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Q&A with Malcolm Hurlston

Q&A with Malcolm Hurlston

Founder of the Consumer Credit Counselling Service (CCCS), social entrepreneur Malcom Hurlston has gained great acclaim for his pioneering initiatives in helping people mired in debt. Through its free specialist advisory service, the CCCS has helped thousands of people in the UK manage their debt problems.

Malcolm Hurlston also founded the Registry Trust in 1985 and  the Employee Share Ownership Centre in 1987 to bring leveraged employee share ownership to Europe. Educated at Cambridge, where he was a major scholar, he was trained as a Russian interrogator during national service. He then worked as a journalist, television trainer and lobbyist advising mainly multinational companies.  He talks to Blue Chipabout restoring consumer confidence in the current economic climate.

With the UK economic forecast being dismal for the next two years, what effect will this have on consumer debt?

Malcom Hurlston: “The main problem will be that consumers don’t have enough appetite for debt. It is very important to getting the economy started again that people are able to borrow and spend. At the moment people are reluctant to spend and reluctant to borrow even when they have the ability to do so. So this will hold back economic recovery. The consumer needs to be encouraged to start again.”

How can consumer confidence be restored?

MH: “The banks have to make borrowing look both attractive and safe. That again is not going to be easy because the banks have also in the past made money on things like PPI and other ways that have disguised the real cost of borrowing. What they are beginning to do under the new rules is treat customers fairly and I don’t think customers have yet fully understood that with the new rules they will be treated more fairly than they used to be so that if they do get into difficulties there will be a way out for them. Banks have to go back to the old days whether people really trusted their bank.”

But since the financial crisis, the reputation of the banking sector has suffered.

MH: “In a way the reputation of banks started to fall when they became more remote from their customers, when they introduced technology that didn’t work fully, when they were too quick to get rid of the personal contact and I think that many banks have seen that they have to go back to more personal contact. But it’s not easy to restart a relationship when it has finished suddenly. Customers still feel hurt that the banks haven’t been the kind of partner in life that they expected them to be. The banks have to find a new way of building a relationship of trust with their customers.  With telephone banking, you never speak to the same person twice and when different banking tasks are divided, you no longer know somebody who knows everything except if you have very high-level private banking. What needs to be done is some way of bringing the benefits of private banking to the masses so people once again feel they have a personal relationship with their lender.”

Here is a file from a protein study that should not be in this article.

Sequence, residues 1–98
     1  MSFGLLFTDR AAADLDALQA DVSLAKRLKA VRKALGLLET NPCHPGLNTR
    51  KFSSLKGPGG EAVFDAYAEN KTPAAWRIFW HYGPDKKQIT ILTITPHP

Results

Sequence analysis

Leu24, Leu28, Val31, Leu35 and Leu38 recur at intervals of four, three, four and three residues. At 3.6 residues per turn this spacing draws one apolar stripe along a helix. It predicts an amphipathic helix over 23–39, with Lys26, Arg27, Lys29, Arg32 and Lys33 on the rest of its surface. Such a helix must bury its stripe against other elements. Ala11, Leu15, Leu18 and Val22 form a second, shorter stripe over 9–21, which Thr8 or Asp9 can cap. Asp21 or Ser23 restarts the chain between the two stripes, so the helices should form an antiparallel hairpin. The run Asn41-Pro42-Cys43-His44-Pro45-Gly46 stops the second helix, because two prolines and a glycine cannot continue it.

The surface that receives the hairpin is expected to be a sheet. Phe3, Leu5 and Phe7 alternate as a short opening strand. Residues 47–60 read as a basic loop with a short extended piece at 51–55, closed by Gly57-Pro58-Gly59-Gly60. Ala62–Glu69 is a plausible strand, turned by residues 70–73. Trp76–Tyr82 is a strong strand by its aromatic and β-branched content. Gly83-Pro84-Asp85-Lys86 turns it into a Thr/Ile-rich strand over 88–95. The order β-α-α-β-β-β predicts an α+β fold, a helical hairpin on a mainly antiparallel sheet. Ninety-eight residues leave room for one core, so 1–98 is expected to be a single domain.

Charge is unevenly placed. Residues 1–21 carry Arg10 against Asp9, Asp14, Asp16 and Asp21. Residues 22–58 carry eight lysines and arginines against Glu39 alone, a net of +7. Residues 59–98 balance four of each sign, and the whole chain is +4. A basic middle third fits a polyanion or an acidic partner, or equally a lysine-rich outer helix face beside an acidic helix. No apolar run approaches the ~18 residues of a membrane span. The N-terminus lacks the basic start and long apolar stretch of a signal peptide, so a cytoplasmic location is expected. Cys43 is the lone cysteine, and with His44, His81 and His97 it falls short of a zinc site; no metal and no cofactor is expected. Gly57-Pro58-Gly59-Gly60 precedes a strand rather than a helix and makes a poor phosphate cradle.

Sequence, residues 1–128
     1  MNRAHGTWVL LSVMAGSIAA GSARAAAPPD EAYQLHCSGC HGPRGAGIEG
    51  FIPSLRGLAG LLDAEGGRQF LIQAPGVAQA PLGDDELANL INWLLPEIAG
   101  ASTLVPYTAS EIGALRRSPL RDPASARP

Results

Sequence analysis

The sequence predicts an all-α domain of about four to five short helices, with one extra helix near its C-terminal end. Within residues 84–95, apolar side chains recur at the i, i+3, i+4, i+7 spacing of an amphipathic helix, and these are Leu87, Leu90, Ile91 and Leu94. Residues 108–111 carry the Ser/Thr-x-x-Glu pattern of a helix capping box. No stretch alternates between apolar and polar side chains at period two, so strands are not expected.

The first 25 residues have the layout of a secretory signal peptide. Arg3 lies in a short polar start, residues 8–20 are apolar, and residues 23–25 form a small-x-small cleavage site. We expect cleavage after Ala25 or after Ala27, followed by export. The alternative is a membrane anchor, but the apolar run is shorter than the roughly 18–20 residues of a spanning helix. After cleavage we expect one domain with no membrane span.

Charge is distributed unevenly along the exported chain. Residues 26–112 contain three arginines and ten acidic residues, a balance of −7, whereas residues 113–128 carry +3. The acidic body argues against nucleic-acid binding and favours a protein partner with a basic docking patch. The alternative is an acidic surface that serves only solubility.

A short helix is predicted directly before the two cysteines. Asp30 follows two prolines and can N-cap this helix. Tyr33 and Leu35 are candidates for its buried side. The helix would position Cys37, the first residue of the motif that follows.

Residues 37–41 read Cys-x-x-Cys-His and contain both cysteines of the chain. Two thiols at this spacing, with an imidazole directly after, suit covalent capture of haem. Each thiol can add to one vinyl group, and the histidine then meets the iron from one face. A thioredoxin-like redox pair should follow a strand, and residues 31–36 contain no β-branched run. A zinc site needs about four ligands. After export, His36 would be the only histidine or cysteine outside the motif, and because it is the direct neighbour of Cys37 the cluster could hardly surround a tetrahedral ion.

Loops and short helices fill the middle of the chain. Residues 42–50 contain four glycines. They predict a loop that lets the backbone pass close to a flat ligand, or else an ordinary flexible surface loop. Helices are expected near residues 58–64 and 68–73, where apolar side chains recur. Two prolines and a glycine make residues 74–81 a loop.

What are your views on the current consumer protection framework in the UK?

MH: “Any kind of consumer framework will always have to catch up with the reality of new ways of dealing with people and new ideas. Some of the new developments are behavioral so that lenders are using behavioral techniques to decide how to lend to people. individuals like to be complicit in their own deception so if you ask somebody if they paid their credit card off every month they will perhaps say yes even if it is not true because they wish they did. The future protection of customers will need to include ways in which consumers can get hold of their information more easily and automatically having to interpret it for them so that they understand their own financial behaviour. At the moment lenders gather information about customers and purchases so the amount of knowledge about everyone is increasing, whatever you might say about consumer protection this is still very much an open game in Britain at the moment. Its always going to be a bit backwards looking: stopping the last set of problems. Customers need to know that they can have access to information.”